English
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Genres
Philosophy / Ethics & Moral Philosophy
Philosophy / Religious
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Content Protection
This content is DRM protected.
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Eligible for Family Library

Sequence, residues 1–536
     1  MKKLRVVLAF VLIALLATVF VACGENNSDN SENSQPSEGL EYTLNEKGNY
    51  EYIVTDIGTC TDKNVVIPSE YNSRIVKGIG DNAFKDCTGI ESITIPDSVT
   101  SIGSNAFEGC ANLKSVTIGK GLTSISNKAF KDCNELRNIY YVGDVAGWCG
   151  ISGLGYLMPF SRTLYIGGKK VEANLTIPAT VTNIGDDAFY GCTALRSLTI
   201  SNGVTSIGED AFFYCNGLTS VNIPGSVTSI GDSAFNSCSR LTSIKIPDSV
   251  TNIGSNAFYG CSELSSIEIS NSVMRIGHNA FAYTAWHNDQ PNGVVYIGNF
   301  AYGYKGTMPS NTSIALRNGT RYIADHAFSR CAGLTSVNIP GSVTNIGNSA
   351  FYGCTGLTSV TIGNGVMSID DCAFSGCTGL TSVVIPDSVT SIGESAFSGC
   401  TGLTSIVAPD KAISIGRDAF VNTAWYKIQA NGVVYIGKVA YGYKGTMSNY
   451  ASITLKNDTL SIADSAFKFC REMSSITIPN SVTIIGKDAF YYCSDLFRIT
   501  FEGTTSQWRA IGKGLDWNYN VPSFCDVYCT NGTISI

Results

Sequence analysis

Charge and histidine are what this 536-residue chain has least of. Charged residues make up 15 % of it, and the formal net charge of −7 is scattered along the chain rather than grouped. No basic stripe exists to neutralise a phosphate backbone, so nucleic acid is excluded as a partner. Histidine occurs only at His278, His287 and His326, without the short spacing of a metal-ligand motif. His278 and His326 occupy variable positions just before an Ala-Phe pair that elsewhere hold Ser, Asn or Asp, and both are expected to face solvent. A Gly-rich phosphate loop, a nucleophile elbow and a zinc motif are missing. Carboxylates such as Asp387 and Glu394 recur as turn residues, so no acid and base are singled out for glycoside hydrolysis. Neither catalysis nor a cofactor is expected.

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Essay from the year 2011 in the subject English - Discussion and Essays, grade: 2.1, Churchill College, Cambridge (-), language: English, abstract: What Iago and Roderigo call ‘unnatural’ and unjust only reveals, ironically, how humanly unnatural and morally unjust they are. Racism is so reviled by Shakespeare that, in Iago, he presents one of the moist vividly ugly and alarming life-sized portraits of unequivocal racist hatred of black people in literature. It is true that Brabantio reacts with horror at the thought of Othello marrying his daughter: Iago is clever enough to tap into this primal and illogical fear of miscegenation, but Othello’s first appearance and the way Shakespeare presents him as a well-spoken, articulate and persuasive human being demonstrates that Shakespeare does not endorse any stereotypical view of non-white people at all. In Act One, scene two Shakespeare portrays Othello as calm, measured and sensitive - hardly the “black ram” that Iago has so crudely referred to. In fact, Shakespeare’s presentation of Othello highlights the ironic untruthfulness of Iago’s words. He is much more than the “Barbary horse” that Iago calls him (Act one, scene one, 113). Shakespeare presents Iago as the character with the most psychological problems. This is not just a question of his racism - it is also his obsessive pursuit of Othello’s downfall and his cynical, debased attitude to life. Iago’s speech throughout the play is full of disgusting animal images - this shows us more about his conception of what it is to be human than it does about Othello and other non-Europeans. Samuel Taylor Coleridge (quoted in Kermode, page) wrote about Iago’s “motiveless malignity”, but that is not strictly true: Iago does give two reasons for his hatred of the Moor - at the end of the opening scene of the play he expresses his anger at being passed over for promotion to lieutenant and at the end of Act One, scene three he says that he suspects that Othello has had sex with Emilia, Iago’s wife: “It is thought abroad that twixt my sheets? He has done my office.” (lines 369 - 370). Therefore, Iago does have clear motives. However, that does not explain the sheer joy and relish Iago feels at triumphing over Othello. But even this sadistic enjoyment of destroying other people’s lives is not inherently racist: he destroys the lives of all the characters in the play - without a hint of remorse - white and black, Venetian and non-Venetian. Iago is a bully - and he bullies Othello because of his color, but he might just as easily have bullied him about his age.